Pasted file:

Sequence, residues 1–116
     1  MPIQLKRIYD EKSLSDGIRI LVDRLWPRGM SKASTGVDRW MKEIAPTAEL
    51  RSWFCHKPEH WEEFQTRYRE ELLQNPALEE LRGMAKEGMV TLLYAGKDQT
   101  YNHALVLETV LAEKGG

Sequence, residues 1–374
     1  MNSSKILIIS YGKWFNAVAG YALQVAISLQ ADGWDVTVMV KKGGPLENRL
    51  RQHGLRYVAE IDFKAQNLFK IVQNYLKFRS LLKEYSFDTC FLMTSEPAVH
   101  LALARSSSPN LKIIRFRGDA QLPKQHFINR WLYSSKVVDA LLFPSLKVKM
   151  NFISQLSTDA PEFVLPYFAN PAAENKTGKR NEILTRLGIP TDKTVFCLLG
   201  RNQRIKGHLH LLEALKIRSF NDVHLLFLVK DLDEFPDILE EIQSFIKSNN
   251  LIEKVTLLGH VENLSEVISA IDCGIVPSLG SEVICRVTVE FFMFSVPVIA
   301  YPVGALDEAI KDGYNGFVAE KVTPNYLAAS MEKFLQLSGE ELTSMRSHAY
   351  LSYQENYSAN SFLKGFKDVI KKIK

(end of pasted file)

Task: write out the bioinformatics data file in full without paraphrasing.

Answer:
Sequence, residues 1–116
     1  MPIQLKRIYD EKSLSDGIRI LVDRLWPRGM SKASTGVDRW MKEIAPTAEL
    51  RSWFCHKPEH WEEFQTRYRE ELLQNPALEE LRGMAKEGMV TLLYAGKDQT
   101  YNHALVLETV LAEKGG

Sequence, residues 1–374
     1  MNSSKILIIS YGKWFNAVAG YALQVAISLQ ADGWDVTVMV KKGGPLENRL
    51  RQHGLRYVAE IDFKAQNLFK IVQNYLKFRS LLKEYSFDTC FLMTSEPAVH
   101  LALARSSSPN LKIIRFRGDA QLPKQHFINR WLYSSKVVDA LLFPSLKVKM
   151  NFISQLSTDA PEFVLPYFAN PAAENKTGKR NEILTRLGIP TDKTVFCLLG
   201  RNQRIKGHLH LLEALKIRSF NDVHLLFLVK DLDEFPDILE EIQSFIKSNN
   251  LIEKVTLLGH VENLSEVISA IDCGIVPSLG SEVICRVTVE FFMFSVPVIA
   301  YPVGALDEAI KDGYNGFVAE KVTPNYLAAS MEKFLQLSGE ELTSMRSHAY
   351  LSYQENYSAN SFLKGFKDVI KKIK